Liberian children hold Chinese flags before the arrival of China’s President Hu Jintao in Monrovia February 1, 2007.  Credit: REUTERS/Christopher Herwi

Then the American came to post-colonial Africa, their ambition was a sweeping one, unfocused, but sophisticated and well-thought out. Through the activities of the Central Intelligence Agency, the Americans reportedly circulated memoranda on revolutionary characters in Africa. Such was the case of General Murtala Muhammed of Nigeria, before the incidental coup that took down his regime in 1976.

The Americans have shown to be quite uneasy leaving revolutionary men in charge of fledging countries as the story of General Manuel Noriega of Panama went, and Gaddafi was the latest. Africa has never been a country, but the convenience of simplifying the varying demographics and cultures, and the manifestation of life in the most resplendent form of peculiarity, is something that the powers who control the Western media cannot resist.

The image of Africa must be harmonized to become just that place where savage tribes run amok, hunting lions for breakfast and living in arboreal dwellings. This image of Africa is deliberate, and it is to advance a propaganda that has long subsisted to demoralize the continent into a continent with a poor self-image and a dependent orientation.

Africa is free, but not free. This is the position that depicts how colonialism has been put side-by-side with the deliberate effort to own the continent through pretend philanthropy and loans.

Now that the West has lost interest in Africa, empires built, civilizations flourishing, history must be replayed, for the continent never learns, it never remembers what economic humiliation it has suffered in the past, and is still suffering. Asia has decided to pick up from where the West stopped. It is the second scramble for the land, the Chinese are here building roads and bridges on loans and grants.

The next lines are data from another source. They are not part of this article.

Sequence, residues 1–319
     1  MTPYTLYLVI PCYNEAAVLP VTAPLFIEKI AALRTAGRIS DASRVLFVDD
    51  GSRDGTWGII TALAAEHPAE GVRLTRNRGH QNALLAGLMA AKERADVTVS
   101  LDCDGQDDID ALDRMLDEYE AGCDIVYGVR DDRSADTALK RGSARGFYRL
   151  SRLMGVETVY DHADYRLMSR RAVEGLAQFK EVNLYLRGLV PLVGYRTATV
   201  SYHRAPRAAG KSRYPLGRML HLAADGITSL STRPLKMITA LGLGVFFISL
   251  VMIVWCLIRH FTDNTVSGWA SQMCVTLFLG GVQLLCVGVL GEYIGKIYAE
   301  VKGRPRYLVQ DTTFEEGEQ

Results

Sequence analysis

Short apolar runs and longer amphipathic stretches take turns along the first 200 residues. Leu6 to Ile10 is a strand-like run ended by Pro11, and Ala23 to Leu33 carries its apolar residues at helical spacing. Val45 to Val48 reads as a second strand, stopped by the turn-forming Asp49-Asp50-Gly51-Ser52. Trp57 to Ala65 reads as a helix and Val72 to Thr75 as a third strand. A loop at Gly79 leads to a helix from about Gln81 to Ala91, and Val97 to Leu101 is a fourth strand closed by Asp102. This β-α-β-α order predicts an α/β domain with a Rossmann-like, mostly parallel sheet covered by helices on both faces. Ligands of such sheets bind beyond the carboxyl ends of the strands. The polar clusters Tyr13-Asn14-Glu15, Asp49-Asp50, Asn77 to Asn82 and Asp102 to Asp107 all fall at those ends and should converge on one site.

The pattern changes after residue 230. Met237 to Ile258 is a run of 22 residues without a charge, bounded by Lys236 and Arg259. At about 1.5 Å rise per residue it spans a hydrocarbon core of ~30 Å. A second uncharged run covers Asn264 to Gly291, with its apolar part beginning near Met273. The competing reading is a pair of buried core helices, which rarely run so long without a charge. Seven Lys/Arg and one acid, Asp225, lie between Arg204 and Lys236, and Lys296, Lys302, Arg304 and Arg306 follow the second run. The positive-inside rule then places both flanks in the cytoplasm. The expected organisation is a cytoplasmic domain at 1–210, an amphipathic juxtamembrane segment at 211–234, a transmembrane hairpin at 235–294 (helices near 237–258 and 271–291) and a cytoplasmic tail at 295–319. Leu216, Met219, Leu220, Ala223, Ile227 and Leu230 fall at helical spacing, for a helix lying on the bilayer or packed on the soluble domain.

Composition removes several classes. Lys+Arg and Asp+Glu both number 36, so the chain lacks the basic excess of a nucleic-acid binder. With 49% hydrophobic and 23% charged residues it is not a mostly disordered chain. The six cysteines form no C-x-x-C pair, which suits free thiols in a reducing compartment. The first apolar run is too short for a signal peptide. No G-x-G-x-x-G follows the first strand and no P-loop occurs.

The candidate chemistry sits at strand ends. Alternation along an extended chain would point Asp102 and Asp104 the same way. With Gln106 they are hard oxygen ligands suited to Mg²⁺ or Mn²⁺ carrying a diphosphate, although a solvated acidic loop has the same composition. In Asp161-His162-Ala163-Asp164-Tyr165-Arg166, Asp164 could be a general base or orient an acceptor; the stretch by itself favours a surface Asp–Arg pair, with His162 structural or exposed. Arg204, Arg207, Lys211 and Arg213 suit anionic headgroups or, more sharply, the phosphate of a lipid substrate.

The whole arrangement appears benign, but it holds up much to be concerned about. A McKinsey & Company report in June 2017, showed that there were about 10,000 Chinese firms working in Africa. There is a huge indebtedness to China in Africa. Takudzwa Hillary Chiwanza wrote in The African Exponent about the extent of indebtedness of African states. According to him, Angola is indebted to the tune of 25 billion US dollars, and now most of the oil export goes into the settlement of the debt. Ethiopia’s debt to China in infrastructural projects is about 13.5 billion US dollars, while Kenya’s debt to China is about 7.9 billion US dollars, and accordingly, the accountability of the government on the deployment of the loan is in question.

However there is much more to worry about as regards the rising debt profile, as China does not seem to relent in the giving of loans, and African governments are not bothered about the consequences of an economy flushed with borrowed liquidity, since it means more funds to be misappropriated. Many African nations are at risk of default on the Chinese loans and losing their sources of revenues to the Chinese in settlement of the debts, the reality of the “debt-trap diplomacy” is shown in the instance of an insolvent Sri Lanka that handed its port which was financed by Chinese loans to a Chinese company managed by the state on a ninety-nine year lease in 2017.

In all of these disturbing trends, little has been said at the African Union, perhaps because it is influenced mostly by African leaders, and with its new building funded by China, it is gagged in regards to such matters. The African Union is yet to see what the future is like for its members. This trend rarely comes up in the discourse of issues affecting the continent. The short term focus of African leaders in wanting liquidity over trade balance, which is responsible for the uncritical posture towards the Chinese financial and investment largesse will come back to bite, and very hard too.

From the scholarships to African students in Chinese universities, which China is using to expand its cultural influence, to the infrastructural projects funded by Chinese money, and the seemingly free cash that China seems to lavish on Africa, it is China investing in its future, and Africa selling its own. One day, just one day, Africa might wake up to an Africa owned by the Chinese.